Dakhla Peninsular

Formally the territory of Western Sahara remains disputed between Morocco and the Polisaro Front who ceased hostilities in 1991.  Since 2000 the security situation in the areas administered by Morocco have gradually improved which coupled with an extensive programme of mine clearance have allowed the development of tourism, especially kite surfing, in the Dakhla Bay area.  As a result an increasing number of birders have made the long drive south from Agadir or flown into Dakhla to explore the Dakhla Peninsular and the road to Assouerd ca 250km to the South-East to see a number of species that are hard to see elsewhere in the Western Palearctic region along with some top reptiles and desert mammals.   Graham Clarke and I were keen to join the fun and organised a five day trip over the Easter weekend.

After a rainy drive from Norwich to Gatwick on 27th March we flew to Dakhla , via Casablanca with Royal Air Maroc arriving around midnight where we met by Martina Milanese from Dakhla Rovers who were going to be taking us into the desert for three days.  After picking up the car we were renting for the two days prior to our organised trip, we changed some money, found our hotels and went straight to bed.

The following morning dawned hazy with limited visibility across Dakhla Bay as we fueled the car and found a mini-mart that supplied fresh bread and cheese for breakfast and plenty of water before setting off to explore the road that runs South from the city along the rocky Atlantic Coast.  As we drove we encountered small groups of gulls on the dry hard clifftops; mainly Lesser Black-backed and Audouin’s with a few Yellow-legged mixed in.  Some groups were accompanied by a couple of Caspian Terns but, in what was to become a theme, no sign of the hoped for Royal Terns!

Audouin’s Gull, Dakhla Peninsula
Audouin’s Gull, Dakhla Peninsular
Caspian Tern, Dakhla Peninsular

Also along these flat stony clifftops were Kentish Plovers, plenty of migrant Northern Wheatears and  a pair of very obliging Greater Hoopoe Larks.

Greater Hoopoe Lark, Dakhla Peninsular

When we reached the fishing village of Lassarga the road ran out in a scrap yard which we entered with the blessing of local gendarme, who five minutes later was pushing us out of the sand.  We never did find the access point to the tidal pool that we had come to check and later learnt that this may have been for the best as the locals were no longer keen on visitors birdwatching there.  Having learnt our lesson about soft sand we decided to head North and found a small inlet called Bouthala that looked interesting on Google maps.

The inlet at Bouthala

As we parked we were greeted by a very friendly Thekla Lark whilst a couple of Common Pratincoles hawked insects overhead all of which seemed very promising.

Thekla Lark, Bouthala

The inlet had a good cross section of the common waders of Dakhla Bay including Redshank, Greenshank, Dunlin, Grey and Ringed Plovers and Whimbrel along with Grey Heron, Little Egret and Marsh Harrier whilst the resident pair of Black Whesatears patrooled the cliff edges.  The few bushes surrounding the inlet held a small number of migrant passerines including Bluethroat, Tree Pipit, Sedge Warbler, Grasshopper Warbler, Western Subalpine Warbler and Willow Warbler – all species that we  encounter again over the next few days.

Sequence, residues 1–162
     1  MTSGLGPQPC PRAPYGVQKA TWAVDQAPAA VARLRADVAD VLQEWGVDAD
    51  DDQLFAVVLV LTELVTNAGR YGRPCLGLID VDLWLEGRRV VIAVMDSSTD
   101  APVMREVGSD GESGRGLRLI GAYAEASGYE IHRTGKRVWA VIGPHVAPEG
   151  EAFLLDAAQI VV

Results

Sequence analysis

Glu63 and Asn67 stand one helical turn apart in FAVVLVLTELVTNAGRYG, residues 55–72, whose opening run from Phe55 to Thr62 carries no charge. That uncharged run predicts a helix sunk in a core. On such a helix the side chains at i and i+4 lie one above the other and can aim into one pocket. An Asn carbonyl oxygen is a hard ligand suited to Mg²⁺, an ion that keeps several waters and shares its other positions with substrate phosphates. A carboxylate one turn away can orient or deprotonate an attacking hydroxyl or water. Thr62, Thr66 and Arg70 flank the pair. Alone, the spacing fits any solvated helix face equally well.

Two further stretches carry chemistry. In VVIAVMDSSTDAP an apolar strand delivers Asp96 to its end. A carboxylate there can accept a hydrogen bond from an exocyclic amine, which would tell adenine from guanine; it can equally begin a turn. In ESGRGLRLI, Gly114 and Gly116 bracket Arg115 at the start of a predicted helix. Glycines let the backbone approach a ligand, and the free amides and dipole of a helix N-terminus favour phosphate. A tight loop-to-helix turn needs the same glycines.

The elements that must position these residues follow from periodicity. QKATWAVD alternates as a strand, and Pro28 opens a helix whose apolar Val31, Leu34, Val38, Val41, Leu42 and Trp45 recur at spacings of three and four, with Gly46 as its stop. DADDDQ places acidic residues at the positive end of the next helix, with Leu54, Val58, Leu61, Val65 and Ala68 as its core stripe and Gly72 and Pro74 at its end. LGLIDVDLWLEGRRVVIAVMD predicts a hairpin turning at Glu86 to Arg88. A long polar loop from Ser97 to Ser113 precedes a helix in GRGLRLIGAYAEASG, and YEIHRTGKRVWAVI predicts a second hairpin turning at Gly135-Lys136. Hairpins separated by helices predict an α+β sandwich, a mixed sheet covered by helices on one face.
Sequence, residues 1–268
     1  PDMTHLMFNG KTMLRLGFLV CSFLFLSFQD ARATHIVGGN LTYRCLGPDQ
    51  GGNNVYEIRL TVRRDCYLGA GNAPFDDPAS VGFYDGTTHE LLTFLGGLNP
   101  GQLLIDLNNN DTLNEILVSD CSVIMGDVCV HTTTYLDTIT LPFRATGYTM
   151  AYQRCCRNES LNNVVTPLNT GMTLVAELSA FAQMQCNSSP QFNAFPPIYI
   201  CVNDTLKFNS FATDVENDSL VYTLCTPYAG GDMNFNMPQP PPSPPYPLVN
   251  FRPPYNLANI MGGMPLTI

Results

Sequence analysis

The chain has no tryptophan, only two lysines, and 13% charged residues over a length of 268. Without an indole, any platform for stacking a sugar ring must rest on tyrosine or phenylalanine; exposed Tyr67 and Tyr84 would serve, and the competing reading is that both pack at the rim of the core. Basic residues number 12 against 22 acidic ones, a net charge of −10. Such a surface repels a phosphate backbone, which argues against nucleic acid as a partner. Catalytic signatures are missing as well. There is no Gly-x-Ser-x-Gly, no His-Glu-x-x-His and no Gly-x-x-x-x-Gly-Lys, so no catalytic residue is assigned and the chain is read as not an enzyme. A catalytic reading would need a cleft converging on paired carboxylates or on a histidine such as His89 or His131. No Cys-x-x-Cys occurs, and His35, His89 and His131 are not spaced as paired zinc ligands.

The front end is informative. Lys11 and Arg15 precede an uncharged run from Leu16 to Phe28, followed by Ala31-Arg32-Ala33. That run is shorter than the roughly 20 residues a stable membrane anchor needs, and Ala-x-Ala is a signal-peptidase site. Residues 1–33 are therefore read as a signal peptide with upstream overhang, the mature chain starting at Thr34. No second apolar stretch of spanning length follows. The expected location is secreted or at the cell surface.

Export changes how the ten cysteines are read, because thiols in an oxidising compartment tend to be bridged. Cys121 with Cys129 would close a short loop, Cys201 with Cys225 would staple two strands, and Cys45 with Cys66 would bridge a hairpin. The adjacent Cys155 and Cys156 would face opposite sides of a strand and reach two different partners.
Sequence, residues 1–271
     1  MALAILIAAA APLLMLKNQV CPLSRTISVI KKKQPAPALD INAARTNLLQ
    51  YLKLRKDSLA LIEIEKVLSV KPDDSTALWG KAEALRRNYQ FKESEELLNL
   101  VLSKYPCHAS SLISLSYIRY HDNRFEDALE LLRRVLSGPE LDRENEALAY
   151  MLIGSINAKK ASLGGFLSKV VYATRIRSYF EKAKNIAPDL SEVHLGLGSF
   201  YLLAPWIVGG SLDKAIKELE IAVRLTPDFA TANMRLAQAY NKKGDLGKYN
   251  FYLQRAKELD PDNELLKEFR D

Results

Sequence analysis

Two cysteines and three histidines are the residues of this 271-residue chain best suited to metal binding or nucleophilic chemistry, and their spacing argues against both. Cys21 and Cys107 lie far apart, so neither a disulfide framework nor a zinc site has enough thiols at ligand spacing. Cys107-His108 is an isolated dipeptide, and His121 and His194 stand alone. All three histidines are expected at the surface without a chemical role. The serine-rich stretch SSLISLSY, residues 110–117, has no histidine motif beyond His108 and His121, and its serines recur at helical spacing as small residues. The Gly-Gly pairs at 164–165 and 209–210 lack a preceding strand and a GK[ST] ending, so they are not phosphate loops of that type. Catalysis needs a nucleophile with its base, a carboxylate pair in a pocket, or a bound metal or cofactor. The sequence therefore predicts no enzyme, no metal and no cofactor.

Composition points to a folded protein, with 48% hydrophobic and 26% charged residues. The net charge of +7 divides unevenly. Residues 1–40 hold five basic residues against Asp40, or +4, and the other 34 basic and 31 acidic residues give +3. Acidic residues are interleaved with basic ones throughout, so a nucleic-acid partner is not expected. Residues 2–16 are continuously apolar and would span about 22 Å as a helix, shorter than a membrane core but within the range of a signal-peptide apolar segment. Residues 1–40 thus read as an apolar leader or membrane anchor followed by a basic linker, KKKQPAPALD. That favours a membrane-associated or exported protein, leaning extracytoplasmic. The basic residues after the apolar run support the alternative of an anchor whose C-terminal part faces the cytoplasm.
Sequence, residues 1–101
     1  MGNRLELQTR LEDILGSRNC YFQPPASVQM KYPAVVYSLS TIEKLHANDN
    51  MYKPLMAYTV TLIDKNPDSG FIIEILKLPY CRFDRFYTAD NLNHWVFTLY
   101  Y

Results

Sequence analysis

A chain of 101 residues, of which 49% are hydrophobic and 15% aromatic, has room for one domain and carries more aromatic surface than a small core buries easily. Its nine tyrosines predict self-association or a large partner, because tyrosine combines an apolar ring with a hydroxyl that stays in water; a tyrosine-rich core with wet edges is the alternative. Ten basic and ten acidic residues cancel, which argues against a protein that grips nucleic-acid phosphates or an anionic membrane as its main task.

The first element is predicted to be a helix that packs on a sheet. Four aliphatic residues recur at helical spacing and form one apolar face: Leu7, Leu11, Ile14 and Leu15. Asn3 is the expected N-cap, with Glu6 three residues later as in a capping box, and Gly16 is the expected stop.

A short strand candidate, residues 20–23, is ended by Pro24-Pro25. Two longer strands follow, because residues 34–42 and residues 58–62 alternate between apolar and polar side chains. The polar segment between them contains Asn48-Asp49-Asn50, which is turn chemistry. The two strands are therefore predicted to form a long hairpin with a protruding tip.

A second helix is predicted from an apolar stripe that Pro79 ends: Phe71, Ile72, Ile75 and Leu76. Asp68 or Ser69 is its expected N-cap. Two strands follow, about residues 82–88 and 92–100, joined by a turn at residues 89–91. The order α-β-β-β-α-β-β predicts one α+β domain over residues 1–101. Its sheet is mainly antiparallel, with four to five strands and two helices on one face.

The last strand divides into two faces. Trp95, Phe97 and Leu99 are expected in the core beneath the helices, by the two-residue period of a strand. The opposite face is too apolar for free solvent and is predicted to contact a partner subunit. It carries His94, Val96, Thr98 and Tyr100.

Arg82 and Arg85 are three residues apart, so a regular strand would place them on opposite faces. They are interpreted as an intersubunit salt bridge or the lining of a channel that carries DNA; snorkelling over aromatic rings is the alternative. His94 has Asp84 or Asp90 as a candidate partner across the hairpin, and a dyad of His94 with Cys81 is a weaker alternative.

Western Subalpine Warbler
Willow Warbler, Boutala

We carried on North and found a couple of places where the road came close to big sand flats one of which held a party of terns; all Sandwich mixed in with some Black-headed Gulls and some lovely pink flushed Slender-billed Gulls.  We lunched at a bayside restaurant L’aquilla about 25 km North of Dakhla where we continued to be entertained by migrants; Willow and Subalpine Warblers, Woodchat Shrike, Tree Pipit and Nightingale that occupied every patch of vegetation.  After lunch we decided to try working a farm called Taourta 2 on the Atlantic side of the peninsular, but not before I had taken a good look at the local “White breasted” Cormorants which I take to be Great Cormorants (Phalacrocorax carbo)  of the race marocus rather than White-breasted Cormorants (Phalacrocorax lucidus).

Great Cormorant (ssp marocus), Dakhla Bay

 

The right hand patch of vegetation is Taourta 2 – it is not hard to see why these farms are attractive to migrants!
On the ground the farm’s small dry fields were attractive to pipits and wagtails

We parked by a small cafe and asked a couple of the local lads if it was OK to walk around the farm which they were happy to agree to for the price of a packet of cigarettes (2 euro).  There were constantly Bee-eaters over head and the commonest species was Tree Pipit with over 20 individuals in 2-3 allotment sized fields.  Other migrants included Nightingale, Sedge Warbler, Willow Warbler and Blue-headed Wagtail.

Tree Pipit, Taourta 2
Blue-headed Wagtail, Taourta 2
White Wagtail, Taourta 2

By comparison the large public park by the main North/South road a kilometre or so to the East was very quiet with just a Redstart to show for our efforts.  The long day and lack of sleep was catching up with us and we called it a day.  After a shower and a change of clothes we walked into town to find something to eat and elected for the bayside terrace of the Villa Dakhla which offered very nice menu and a selection of cold beers.

 

 

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